The government continues to increase funding in healthcare. Matt Custance explains why an attitude shift is needed to treat health as an engine for growth and not just a spending department.
Many foundations and hospital CFOs and CEOs in the UK will welcome a continuing increase in healthcare financing. But, there remain significant gaps in the estates, IT, and infrastructure of the sector, while critical supporting services remain underfunded.
Following the chancellor's 2021 spending review, the Department of Health and Social Care (DHSC) budget will increase from £156 billion in 2021/22 to £178.5 billion in 2022/23. This is a 14% increase in nominal terms, after which it settles into a growth rate of 2.5- 3.0% nominal, expected to be just above inflation. Growth in the allocation to the NHS is a little lower (11%) in the first year and a little higher in later years (3-4%).
The capital budget appears now to be stuck at a level of around £9-11 billion a year - which is significantly more than the depths of the post-PFI period. This is likely to be enough to fund the normal renewal of facilities and some backlog maintenance, but not enough to support the New Hospitals Programme, which will likely cost significantly more than £20 billion over the next 10-15 years.
It's still unclear where all this funding will come from. In addition, the budget documents continue to ignore the additional eight hospitals that the government has promised. It's concerning that the New Hospitals Programme only mentions 40 hospitals.
Whatever the actual number, NHS providers need support to reprofile their estate to minimise risk that emerged from the austerity years.
Keeping social care funding in focus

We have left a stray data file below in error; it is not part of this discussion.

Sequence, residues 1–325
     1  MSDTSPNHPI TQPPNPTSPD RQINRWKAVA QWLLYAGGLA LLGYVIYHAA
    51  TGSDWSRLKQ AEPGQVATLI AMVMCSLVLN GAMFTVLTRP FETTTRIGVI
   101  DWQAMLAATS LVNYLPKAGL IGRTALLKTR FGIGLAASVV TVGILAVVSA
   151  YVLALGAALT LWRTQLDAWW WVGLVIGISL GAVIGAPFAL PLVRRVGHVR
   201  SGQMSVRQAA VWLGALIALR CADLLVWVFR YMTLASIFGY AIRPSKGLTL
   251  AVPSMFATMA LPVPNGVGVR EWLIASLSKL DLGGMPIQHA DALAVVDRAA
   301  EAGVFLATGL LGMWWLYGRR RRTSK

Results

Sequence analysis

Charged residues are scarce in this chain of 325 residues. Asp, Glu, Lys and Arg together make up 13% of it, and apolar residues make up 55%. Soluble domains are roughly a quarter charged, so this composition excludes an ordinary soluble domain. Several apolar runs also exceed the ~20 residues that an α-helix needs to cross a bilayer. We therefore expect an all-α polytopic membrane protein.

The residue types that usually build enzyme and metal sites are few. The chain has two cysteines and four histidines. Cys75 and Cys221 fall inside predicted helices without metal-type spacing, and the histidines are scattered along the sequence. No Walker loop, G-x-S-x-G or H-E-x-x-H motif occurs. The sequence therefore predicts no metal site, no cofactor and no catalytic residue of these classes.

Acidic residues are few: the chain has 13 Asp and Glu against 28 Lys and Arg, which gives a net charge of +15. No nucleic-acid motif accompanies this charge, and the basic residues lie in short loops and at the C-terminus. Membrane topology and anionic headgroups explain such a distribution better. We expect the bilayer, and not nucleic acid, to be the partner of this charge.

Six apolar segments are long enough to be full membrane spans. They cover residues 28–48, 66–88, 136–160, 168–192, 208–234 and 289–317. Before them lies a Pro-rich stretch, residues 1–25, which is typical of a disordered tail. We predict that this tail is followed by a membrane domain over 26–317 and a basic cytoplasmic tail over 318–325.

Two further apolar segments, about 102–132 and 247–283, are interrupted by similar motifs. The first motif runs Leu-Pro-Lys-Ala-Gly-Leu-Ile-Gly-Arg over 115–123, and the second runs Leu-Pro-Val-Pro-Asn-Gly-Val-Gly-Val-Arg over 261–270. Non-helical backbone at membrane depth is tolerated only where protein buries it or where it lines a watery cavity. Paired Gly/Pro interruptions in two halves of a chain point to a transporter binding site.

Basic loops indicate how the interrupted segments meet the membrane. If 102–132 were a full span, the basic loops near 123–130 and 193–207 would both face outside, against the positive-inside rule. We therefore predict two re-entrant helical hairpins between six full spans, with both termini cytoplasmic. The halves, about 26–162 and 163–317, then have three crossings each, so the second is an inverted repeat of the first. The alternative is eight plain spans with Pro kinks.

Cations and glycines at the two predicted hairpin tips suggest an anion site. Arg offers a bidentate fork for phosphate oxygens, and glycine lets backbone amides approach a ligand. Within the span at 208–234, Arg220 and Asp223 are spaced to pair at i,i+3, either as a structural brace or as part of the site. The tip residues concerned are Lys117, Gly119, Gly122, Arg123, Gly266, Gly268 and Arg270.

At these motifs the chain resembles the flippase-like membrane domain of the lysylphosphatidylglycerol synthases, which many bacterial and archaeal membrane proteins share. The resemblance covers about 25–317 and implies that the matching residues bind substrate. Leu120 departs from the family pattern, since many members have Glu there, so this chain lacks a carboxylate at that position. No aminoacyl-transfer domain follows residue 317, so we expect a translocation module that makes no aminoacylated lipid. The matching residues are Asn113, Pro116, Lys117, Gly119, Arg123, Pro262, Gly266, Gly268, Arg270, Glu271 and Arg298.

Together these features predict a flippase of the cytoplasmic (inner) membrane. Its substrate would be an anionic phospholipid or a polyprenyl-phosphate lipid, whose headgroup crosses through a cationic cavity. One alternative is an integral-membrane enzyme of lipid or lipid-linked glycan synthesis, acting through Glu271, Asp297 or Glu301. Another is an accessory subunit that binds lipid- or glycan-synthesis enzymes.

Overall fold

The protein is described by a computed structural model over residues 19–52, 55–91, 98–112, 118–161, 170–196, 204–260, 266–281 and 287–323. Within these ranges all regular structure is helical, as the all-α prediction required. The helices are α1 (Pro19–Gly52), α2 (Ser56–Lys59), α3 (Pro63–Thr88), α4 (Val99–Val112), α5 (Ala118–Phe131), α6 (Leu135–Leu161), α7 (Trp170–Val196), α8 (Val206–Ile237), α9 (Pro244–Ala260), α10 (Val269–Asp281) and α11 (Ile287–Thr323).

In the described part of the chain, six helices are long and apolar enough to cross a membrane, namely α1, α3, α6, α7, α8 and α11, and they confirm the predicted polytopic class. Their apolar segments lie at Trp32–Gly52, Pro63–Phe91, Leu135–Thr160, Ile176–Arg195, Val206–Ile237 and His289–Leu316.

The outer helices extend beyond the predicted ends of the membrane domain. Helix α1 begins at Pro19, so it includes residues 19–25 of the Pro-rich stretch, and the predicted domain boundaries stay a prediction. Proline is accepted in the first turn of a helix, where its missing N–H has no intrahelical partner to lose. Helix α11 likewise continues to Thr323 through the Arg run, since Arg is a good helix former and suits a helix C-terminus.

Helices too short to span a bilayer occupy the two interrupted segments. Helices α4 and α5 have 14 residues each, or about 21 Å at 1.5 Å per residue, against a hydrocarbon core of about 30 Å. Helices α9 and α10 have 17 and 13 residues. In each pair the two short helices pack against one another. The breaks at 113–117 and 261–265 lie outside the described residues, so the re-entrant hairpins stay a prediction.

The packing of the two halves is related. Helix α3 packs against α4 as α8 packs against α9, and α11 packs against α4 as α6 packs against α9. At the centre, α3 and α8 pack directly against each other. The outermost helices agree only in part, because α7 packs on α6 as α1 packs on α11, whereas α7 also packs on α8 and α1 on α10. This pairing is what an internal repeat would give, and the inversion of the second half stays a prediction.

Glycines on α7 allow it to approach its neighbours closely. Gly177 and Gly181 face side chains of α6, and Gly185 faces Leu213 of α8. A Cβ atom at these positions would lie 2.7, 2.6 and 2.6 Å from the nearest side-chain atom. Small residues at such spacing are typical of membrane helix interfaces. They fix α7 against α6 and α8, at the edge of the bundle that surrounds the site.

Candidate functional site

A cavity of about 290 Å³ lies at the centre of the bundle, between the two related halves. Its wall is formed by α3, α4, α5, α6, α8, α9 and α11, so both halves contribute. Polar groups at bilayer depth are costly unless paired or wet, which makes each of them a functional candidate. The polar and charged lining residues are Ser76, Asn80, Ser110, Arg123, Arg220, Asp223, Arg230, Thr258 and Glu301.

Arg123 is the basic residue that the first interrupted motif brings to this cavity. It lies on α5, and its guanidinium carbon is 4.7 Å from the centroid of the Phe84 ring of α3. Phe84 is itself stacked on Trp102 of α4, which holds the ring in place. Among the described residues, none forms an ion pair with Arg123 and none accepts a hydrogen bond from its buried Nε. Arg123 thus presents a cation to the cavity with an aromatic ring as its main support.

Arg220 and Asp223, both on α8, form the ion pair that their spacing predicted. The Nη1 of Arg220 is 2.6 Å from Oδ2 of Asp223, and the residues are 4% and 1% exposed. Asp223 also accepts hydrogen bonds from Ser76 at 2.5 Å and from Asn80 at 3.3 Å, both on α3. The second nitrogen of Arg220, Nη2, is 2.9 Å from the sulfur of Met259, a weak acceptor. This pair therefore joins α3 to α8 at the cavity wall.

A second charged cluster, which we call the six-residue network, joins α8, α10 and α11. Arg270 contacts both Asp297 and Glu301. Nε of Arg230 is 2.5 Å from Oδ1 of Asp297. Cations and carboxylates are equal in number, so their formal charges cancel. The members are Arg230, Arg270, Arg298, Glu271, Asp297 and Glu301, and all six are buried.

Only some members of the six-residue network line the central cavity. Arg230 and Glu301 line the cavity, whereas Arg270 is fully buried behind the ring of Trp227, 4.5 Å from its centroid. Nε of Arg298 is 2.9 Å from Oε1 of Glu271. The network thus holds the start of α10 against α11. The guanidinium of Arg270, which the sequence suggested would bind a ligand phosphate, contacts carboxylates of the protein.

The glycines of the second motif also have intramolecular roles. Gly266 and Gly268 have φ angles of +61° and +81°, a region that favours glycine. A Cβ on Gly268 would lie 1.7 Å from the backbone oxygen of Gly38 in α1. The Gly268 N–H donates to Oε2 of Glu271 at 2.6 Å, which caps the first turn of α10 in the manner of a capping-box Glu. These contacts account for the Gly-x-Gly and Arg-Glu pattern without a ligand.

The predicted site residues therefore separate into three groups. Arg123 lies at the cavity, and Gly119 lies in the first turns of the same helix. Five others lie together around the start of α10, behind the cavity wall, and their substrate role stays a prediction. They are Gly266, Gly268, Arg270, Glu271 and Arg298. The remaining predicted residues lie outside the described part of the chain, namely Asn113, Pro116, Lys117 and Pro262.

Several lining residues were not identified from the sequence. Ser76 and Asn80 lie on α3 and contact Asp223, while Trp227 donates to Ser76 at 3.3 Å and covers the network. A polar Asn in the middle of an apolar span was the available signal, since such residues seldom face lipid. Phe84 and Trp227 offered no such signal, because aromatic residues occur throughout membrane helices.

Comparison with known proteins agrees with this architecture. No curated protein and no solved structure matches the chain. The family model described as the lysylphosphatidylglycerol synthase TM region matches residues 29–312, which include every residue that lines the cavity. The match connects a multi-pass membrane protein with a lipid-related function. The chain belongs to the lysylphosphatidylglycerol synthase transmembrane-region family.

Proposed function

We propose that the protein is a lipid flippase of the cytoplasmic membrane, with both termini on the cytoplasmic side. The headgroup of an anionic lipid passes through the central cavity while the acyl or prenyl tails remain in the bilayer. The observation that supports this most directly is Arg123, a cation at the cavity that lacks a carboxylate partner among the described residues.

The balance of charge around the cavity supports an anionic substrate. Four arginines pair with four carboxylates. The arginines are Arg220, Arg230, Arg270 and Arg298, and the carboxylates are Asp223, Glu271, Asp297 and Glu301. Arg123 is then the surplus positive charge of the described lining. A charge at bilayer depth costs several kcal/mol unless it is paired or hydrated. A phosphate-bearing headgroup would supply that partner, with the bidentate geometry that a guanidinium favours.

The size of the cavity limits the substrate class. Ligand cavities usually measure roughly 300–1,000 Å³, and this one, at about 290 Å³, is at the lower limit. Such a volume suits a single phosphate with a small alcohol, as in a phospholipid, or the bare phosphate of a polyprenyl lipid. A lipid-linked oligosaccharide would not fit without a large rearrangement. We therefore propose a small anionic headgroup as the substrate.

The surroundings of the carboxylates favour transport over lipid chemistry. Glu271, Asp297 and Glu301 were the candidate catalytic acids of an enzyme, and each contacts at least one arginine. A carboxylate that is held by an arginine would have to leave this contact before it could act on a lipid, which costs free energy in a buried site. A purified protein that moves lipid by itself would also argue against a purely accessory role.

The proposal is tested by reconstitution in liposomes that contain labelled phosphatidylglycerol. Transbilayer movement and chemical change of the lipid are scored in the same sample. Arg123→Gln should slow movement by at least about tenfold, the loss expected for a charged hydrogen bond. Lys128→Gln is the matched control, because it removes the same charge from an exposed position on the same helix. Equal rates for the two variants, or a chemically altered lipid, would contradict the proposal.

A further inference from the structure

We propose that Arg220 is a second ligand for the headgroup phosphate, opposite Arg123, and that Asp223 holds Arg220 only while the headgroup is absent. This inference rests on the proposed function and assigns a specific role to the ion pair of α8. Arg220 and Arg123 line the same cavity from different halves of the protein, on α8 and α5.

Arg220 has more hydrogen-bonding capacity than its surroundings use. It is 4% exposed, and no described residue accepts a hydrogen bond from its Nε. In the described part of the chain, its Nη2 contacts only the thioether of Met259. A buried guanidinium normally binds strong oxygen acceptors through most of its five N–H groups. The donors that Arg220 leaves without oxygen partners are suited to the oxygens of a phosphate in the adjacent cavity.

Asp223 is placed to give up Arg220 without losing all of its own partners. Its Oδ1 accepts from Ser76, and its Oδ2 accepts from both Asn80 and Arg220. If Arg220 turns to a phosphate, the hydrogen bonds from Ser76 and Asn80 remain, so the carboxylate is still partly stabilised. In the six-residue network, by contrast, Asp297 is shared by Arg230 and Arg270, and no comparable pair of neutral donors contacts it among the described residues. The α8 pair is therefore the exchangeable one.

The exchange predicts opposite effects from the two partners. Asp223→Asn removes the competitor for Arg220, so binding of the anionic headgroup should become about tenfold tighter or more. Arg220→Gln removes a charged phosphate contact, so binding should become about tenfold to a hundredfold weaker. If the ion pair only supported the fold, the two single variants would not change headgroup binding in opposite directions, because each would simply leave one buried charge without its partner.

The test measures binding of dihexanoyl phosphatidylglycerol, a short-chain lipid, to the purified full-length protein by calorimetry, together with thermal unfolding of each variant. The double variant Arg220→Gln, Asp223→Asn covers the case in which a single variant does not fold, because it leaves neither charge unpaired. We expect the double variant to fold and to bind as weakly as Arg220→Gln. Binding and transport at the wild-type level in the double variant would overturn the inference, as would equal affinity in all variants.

The further spending increases for social care called for by the Local Government Association and the NHS Confederation have not materialised, which is obviously disappointing for the health service. A shortage of social care leads directly to increased pressure on the NHS and other public services and make hospital activity flow less smoothly, meaning that treatment backlogs – now at record levels – cannot be quickly cleared.
The problem is immediate. Many local authorities are handing back care packages to their NHS colleagues because they cannot staff them. The minimum wage commitment will help, but services will continue to battle against staff availability and the tendency of care work to be seen in many communities as the job of last resort.
Managing workforce supply
There is a global competition for health skills from a diminishing labour market. When 40% of doctors in the NHS qualify overseas there’s urgent need for a plan to address this. Announcements in the budget about boosting numbers in training are welcome, but there is a considerable gap to fill.
At present, workforce planning is handed to the education and training body, Health Education England. They will produce visionary work, but no one should expect that to deliver significant change in the next three years. Without stand-out incentives for workforce growth, many health commitments will be difficult to implement.
Increasing cost pressures
The NHS is facing cost pressures, most notably in the cost of the workforce but also in materials and supplies. To weather the storm, NHS providers need to invest in infrastructure and digital to attract staff and get the most out of them.